and spending bills based on previous year levels could halve the amount of money
required in fiscal 2014 to ramp up toward production of the first ship in the
next class of ballistic missile submarines and delay it by as much as two years,
the Navys top officer for submarine procurement said yesterday.
Adm. David Johnson, the program executive officer for subs, said at the Navy
League symposium outside Washington that 2014 is a key year in transitioning to
construction, and includes detailed design and prototyping of the submarines and
its components, such as missile launch tubes.
Two years ago, the Navy
announced plans to delay construction of the first ship of the Ohio-class
replacement program, from 2019 to 2021. But that scenario could worsen under the
absurdity of the CR and the sequester, Johnson said, referring to a continuing
resolution that keeps spending at previous year levels.
like the rest of the federal government, has had to live under a CR for most of
the last few years because Congress and the Obama administration have been
unable to agree on a budget, the main cause of the recent government shutdown.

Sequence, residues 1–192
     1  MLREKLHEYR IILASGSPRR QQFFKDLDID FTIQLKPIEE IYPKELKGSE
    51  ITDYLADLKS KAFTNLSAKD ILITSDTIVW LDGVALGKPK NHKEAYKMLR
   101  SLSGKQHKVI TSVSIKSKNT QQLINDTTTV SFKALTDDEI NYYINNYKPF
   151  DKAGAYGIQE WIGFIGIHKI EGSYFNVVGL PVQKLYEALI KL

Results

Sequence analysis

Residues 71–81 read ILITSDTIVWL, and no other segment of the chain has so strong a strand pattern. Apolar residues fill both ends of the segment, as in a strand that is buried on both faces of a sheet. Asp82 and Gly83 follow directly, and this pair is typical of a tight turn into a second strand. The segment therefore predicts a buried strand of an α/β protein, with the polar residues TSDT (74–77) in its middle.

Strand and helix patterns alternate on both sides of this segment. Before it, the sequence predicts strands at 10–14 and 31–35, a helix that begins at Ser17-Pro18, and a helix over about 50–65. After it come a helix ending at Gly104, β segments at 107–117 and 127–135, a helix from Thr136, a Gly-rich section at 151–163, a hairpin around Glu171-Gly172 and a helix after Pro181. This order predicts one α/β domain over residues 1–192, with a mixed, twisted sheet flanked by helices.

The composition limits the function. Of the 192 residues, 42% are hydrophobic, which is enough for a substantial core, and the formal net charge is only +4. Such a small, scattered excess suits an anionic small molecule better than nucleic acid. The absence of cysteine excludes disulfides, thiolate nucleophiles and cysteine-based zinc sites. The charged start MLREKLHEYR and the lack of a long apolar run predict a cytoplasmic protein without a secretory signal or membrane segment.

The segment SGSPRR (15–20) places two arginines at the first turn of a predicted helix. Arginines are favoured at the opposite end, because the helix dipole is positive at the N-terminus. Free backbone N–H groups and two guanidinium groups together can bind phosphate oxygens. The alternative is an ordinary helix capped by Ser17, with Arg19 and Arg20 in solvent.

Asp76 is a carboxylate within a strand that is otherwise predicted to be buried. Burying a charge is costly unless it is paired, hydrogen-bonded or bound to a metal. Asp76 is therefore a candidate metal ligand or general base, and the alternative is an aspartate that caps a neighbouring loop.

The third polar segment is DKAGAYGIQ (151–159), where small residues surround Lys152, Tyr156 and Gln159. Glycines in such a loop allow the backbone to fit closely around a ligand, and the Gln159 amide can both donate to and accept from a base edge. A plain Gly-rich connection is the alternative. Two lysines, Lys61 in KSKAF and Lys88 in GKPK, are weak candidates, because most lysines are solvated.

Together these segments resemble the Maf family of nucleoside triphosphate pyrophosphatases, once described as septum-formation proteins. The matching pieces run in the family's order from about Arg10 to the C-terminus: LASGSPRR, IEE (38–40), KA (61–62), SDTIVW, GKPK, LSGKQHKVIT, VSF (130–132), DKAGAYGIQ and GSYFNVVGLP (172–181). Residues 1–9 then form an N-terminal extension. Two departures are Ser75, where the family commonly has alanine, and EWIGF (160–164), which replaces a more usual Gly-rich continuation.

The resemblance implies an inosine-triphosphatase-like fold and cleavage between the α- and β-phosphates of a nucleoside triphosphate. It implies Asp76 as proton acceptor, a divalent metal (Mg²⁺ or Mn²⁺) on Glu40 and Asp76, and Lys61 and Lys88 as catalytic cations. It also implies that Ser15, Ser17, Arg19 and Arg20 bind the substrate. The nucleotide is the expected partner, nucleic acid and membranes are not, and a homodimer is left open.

Congress earlier this month passed a bill to keep the government running under a
CR until January, but there appears to be no sign lawmakers are close to
resolving differences to pass a proper appropriations bill.
if sequestration remains in place, it will deprive the SSBN(X) program of $153
million needed in 2014 to forge ahead, but the scenario would be worse under a
CR, costing the Navy more than $566 million required to keep the first ship on
schedule for 2021 and deployment in 2028.
Its disruptive, he said.
And if we have to live through that level we would be likely two years-plus off
an FY '21 lead ship.
The Navy plans to begin retiring the
Ohio-class ballistic subs toward the end of the 2020s and maintains that
the replacement program is among its highest acquisition priorities. Navy
officials have also expressed concerns that because of the tight budget
environment, the SSBN(X) program could place a heavy burden on the rest of its
shipbuilding accounts in the 2020s.
The Navy estimates the
Ohio-class replacement will cost of average of $6 billion for 12 ships,
with the first submarine expected to cost $12 billion, a figure that includes
$7.4 billion in construction costs and $4.6 billion for engineering and